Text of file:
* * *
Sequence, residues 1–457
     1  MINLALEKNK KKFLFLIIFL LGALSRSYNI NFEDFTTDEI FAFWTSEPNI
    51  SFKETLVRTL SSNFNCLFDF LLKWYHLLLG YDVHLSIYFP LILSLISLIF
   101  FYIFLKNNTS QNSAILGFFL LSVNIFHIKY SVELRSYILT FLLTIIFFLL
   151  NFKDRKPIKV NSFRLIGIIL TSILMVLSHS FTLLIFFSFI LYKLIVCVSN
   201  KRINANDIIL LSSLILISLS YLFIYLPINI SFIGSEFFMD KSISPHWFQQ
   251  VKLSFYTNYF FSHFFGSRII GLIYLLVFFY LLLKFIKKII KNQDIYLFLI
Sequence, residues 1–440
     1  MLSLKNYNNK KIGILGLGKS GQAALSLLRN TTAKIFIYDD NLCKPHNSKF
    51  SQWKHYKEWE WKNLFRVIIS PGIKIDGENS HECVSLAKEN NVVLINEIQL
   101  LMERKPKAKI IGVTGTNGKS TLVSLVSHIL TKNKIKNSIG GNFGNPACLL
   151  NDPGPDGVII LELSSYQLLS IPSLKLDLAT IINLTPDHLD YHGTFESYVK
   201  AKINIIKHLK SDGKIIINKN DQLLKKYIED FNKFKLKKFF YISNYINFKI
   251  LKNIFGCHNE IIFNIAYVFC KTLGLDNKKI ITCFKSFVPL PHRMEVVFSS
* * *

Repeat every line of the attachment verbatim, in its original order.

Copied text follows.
Sequence, residues 1–457
     1  MINLALEKNK KKFLFLIIFL LGALSRSYNI NFEDFTTDEI FAFWTSEPNI
    51  SFKETLVRTL SSNFNCLFDF LLKWYHLLLG YDVHLSIYFP LILSLISLIF
   101  FYIFLKNNTS QNSAILGFFL LSVNIFHIKY SVELRSYILT FLLTIIFFLL
   151  NFKDRKPIKV NSFRLIGIIL TSILMVLSHS FTLLIFFSFI LYKLIVCVSN
   201  KRINANDIIL LSSLILISLS YLFIYLPINI SFIGSEFFMD KSISPHWFQQ
   251  VKLSFYTNYF FSHFFGSRII GLIYLLVFFY LLLKFIKKII KNQDIYLFLI
Sequence, residues 1–440
     1  MLSLKNYNNK KIGILGLGKS GQAALSLLRN TTAKIFIYDD NLCKPHNSKF
    51  SQWKHYKEWE WKNLFRVIIS PGIKIDGENS HECVSLAKEN NVVLINEIQL
   101  LMERKPKAKI IGVTGTNGKS TLVSLVSHIL TKNKIKNSIG GNFGNPACLL
   151  NDPGPDGVII LELSSYQLLS IPSLKLDLAT IINLTPDHLD YHGTFESYVK
   201  AKINIIKHLK SDGKIIINKN DQLLKKYIED FNKFKLKKFF YISNYINFKI
   251  LKNIFGCHNE IIFNIAYVFC KTLGLDNKKI ITCFKSFVPL PHRMEVVFSS